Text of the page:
When poor Jack got home, and learned that Bill had, figuratively, told the truth, he was for a short time mad with grief, and endured anguish very much like that of a bereaved bear. Civilized widowers use refined phrases, and smother their emotions in perfumed pocket-handkerchiefs. Jack's phrases were the reverse of refined, and he did not possess a pocket-handkerchief of any sort.
    "Rampagin' like a wild beast," as his neighbours phrased it, he bundled the hoarsely whispering gossips out of his room. Even Bet bad to flee before him, taking the twins with her.
    "Yes, he've comed in," said the crabbed old crone to his cart-mate, who came later on to inquire after him. "Can't yer 'ear 'im a-roarin' like a bull?"
    Jack's mate was sympathetic, but he was also practical. He went into Jack's room, and when he found him with his grimy face buried in his grimy hands, on the corpse's coverlet, shaking all over as he bellowed forth his sorrow, he patted him on the shoulder.
    "Coom, Jack," he said, in a tone of friendly superiority; "what's the good o' that? It [-134-] 'ont wake her, poor gal, an' you're only a messin' of the sheet. Grievin's dry work,- don't ye find it so? Coom along, man: I'll stand a pot willin,' - 'alf a gallon, I will."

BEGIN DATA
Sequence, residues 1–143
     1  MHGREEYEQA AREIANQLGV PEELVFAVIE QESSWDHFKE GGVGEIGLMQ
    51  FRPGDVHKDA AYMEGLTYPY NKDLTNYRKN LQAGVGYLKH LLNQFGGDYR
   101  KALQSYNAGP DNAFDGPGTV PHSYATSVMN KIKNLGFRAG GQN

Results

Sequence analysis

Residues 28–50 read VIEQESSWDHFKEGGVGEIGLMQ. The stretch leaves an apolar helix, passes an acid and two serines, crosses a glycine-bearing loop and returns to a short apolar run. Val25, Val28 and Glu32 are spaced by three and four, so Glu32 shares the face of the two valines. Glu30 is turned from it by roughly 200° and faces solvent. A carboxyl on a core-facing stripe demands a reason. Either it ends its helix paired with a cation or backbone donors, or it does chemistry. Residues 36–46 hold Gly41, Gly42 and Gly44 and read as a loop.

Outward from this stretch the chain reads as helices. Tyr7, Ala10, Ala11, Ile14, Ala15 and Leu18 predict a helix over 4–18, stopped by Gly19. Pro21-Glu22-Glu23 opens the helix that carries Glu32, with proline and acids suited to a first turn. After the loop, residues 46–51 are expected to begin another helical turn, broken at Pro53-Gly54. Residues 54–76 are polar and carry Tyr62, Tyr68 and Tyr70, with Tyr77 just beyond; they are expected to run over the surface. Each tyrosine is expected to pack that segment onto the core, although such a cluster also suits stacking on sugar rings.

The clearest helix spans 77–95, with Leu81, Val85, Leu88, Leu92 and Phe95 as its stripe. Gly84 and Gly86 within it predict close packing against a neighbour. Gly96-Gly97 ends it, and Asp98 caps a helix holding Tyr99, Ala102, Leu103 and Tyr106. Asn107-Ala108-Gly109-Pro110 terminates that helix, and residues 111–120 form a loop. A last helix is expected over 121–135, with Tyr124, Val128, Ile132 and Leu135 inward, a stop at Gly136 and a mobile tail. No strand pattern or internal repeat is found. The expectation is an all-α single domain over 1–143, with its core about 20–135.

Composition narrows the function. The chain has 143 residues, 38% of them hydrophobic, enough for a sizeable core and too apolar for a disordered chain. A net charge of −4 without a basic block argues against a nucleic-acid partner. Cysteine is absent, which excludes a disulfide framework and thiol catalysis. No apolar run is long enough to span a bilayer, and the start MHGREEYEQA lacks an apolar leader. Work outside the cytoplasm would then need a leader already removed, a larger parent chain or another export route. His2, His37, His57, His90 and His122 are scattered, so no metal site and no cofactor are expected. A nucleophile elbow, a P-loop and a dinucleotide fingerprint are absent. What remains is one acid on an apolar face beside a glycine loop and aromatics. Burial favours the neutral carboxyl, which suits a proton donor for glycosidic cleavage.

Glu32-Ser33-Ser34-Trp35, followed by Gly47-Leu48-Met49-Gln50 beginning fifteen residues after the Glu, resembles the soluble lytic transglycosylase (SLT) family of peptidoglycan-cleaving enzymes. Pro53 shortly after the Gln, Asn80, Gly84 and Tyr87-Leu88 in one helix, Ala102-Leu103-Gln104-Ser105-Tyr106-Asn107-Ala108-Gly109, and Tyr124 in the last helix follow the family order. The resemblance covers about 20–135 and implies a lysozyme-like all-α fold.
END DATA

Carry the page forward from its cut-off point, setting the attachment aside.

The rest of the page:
So Jack and his mate went out to the "Seven Bells," a house of call for dustmen and barge-men. Jack was easily persuaded to drink. He swallowed a good pint of porter at starting, as with one deep sigh; but at first he considered it due to the memory of his deceased wife to abstain from smoke. However, the bargees and the dusties, male and female, came dropping in. The room soon was full: the foaming pots went round, the fair sex (if such a phrase may be applied to dustwomen) taking care to have their full share of the heavy wet.
    Under its influence Jack's heavy heart began to lighten. He fingered a pipe, and then he surreptitiously charged it. After having plugged the shag with his little finger for an unusally long time, he began to toy with a spill, and at last stood boldly up and lighted it at the gas-burner.
    "That's right, mate," cried his friend. "You'll do now, Jack! Beer's good (puff) an' baccy's good (puff) but there's nuffink like both on 'em (puff, puff, puff) together (puff), old chap (puff), ven a cove's (puff) in the doldrums (puff, puff, puff).
As the smoke went up in widening rings, [-135-] Jack began to feel that, after all, his wife's death had not robbed life of all its joys.